Don’t let those cold temperatures outside fool you. Although it feels like it should still be the middle of January outside, tax season is upon us once again. So as you assemble your W-2’s, 1099s and the pile of paperwork seems to keep growing, here are some resources to help you find the forms and information you need quickly.
Most filing forms are available on the Web in PDF (portable document format) so they can be downloaded using standard Adobe Acrobat reader software and then printed out on a standard laser or inkjet printer. The Internal Revenue Service (IRS) site /www.irs.gov/> is a treasure trove of forms, and, in particular, a good source for the less-frequently-used, exotic ones such as “Certain Gambling Winnings” (W-2G) and “U.S. Departing Alien Income Tax Return” (1040C). As April 15 approaches, however, the IRS server is bound to become overtaxed as well, so it’s best to start your downloading early.
Baker Library has commonly used forms onsite, across from the main desk. An IRS binder containing all reproducible 2002 forms and instructions, for both individuals and businesses, is also on reserve at the main library desk.
If you are searching for such typical forms as 1040, 1040A or 1040EZ, try the website 1040.com
If you are filing late due to an extension, or amending a filing for a previous year, you can find older forms at these sites. To be sure that you are up on the latest changes to the tax code, check out IRS Publication 553, Highlights of 2002 Tax Changes
Residents of Alaska, Florida, Nevada, South Dakota, Texas, Washington, and Wyoming are the lucky one-stop filers, with only Federal taxes due.
The rest of us will have to file state returns with at least one state Department of Revenue, perhaps two or more. Even in New Hampshire and Tennessee, you are now required to report dividends and interest income. A good source of general state tax information is the Tax and Accounting Site Directory
Most state tax sites also have search features to help you locate the more obscure sorts of forms should you need them. Many DORs also have telephone help lines or FAQ’s (“Frequently-Asked-Questions”) posted on their websites to help explain the more common sorts of problems that taxpayers may encounter. The one for Massachusetts can be found at
Other Tax Tips, Help and General Information
Baker Library has the 2002 edition of J.K. Lasser’s Your Income Tax in the Reference section of the Reading Room (Call number HJ4652 .J2).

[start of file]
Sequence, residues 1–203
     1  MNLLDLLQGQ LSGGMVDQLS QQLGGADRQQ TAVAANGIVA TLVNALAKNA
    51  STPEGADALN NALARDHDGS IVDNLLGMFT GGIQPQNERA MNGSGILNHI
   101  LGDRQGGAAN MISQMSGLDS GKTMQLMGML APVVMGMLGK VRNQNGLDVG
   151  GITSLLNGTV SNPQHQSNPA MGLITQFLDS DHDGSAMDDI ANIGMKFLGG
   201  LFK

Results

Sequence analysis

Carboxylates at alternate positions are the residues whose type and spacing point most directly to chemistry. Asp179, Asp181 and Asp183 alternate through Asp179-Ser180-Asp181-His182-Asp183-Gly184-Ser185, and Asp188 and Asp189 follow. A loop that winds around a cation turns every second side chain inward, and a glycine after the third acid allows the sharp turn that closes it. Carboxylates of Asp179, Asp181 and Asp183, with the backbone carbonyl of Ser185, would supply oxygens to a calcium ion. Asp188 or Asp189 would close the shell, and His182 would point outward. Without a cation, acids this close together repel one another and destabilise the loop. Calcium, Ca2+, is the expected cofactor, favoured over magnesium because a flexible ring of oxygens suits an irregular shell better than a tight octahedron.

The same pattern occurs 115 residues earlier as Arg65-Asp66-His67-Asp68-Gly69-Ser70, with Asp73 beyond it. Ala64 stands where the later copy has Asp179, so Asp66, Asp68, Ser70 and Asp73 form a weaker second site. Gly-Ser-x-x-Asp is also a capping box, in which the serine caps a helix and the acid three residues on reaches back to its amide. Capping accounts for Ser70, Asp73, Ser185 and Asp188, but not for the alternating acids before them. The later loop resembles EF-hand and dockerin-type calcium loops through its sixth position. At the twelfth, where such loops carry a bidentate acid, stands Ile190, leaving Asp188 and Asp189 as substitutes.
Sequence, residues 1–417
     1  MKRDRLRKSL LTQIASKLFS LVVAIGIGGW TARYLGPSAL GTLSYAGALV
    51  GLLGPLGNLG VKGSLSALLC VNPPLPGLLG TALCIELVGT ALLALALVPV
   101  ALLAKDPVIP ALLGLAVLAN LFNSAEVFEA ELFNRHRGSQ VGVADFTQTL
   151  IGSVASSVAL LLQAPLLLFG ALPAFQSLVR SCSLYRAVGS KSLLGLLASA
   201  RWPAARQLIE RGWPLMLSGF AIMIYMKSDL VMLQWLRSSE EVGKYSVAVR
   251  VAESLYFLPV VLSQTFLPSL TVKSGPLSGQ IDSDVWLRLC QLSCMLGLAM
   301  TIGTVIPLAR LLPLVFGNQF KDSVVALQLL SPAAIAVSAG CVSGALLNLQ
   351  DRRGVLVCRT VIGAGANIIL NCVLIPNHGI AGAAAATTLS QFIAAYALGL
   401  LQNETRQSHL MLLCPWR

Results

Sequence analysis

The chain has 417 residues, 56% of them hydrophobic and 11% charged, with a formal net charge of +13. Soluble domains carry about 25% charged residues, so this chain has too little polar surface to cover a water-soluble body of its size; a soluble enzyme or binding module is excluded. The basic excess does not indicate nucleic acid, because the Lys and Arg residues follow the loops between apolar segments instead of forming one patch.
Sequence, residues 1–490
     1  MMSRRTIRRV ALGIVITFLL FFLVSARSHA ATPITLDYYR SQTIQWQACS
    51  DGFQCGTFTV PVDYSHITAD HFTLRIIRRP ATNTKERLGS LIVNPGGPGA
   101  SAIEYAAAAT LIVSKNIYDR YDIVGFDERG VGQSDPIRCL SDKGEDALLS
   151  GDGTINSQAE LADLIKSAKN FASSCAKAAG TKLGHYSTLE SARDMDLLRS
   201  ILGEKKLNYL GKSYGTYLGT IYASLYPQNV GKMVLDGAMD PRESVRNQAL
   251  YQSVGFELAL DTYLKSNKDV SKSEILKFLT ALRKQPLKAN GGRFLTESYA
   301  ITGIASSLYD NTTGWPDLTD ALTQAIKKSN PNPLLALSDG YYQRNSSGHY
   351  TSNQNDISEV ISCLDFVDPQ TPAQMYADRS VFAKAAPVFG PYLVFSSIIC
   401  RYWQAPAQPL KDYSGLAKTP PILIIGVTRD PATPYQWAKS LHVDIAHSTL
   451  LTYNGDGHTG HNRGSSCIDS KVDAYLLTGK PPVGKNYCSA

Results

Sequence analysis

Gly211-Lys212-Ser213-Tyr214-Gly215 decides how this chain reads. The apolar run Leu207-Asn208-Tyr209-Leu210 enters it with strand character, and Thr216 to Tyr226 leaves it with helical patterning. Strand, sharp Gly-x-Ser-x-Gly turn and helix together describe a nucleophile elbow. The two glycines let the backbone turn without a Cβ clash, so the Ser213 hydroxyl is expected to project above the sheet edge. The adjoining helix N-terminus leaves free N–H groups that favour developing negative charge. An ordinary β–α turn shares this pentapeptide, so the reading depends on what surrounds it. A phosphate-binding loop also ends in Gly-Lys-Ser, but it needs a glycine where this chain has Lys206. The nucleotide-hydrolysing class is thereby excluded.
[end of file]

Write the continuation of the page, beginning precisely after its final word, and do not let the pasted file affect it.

This handbook includes strategies and explanations for many of the finer points of filing. Another resource that individuals who need to report capital gains on stock sales may find useful is the CCH Capital Changes Reporter. This online service provides comprehensive coverage of changes to a corporation’s capital structure such as stock splits, which have federal income tax effects on security holders. It is accessible from any of the workstations in the Baker Library reading room.
There is also a great deal of tax information available on the Internet. A
cautionary note about some of the tax information web sites you might find when searching for answers to tax questions: accounting firms and companies that produce tax-filing software often produce such help sites.
Such information is often meant to be a “teaser” to induce you to hire or buy from them. Legal disclaimers notwithstanding, these sites can still be good places to start for basic questions. We’ve listed some of them below. You can also find these (and more) in the Tax Guide on the Baker Library website
Tax and Accounting Sites Directory /www.taxsites.com>: If you’re a tax junkie whose interest in tax and tax theory goes beyond that of simply paying what you owe on time, you’ll love this meta-site. Besides the obligatory links to federal and state personal income tax information, this site includes information on corporate and business tax, international tax law, accounting, policy and statistics.
H&R Block Refund Calculator
IRS Tax FAQ < www.irs.gov/faqs/index.html >: These questions and answers can help you wade through the federal tax jungle.
In addition to these sources, most standard federal and state tax forms and instruction booklets are available at your local post office, including the Spangler and Harvard Square post offices. Finally, don’t forget your public library if you live off campus.
Yes, tax time can be a bit stressful, but there are lots of resources to help you on your way.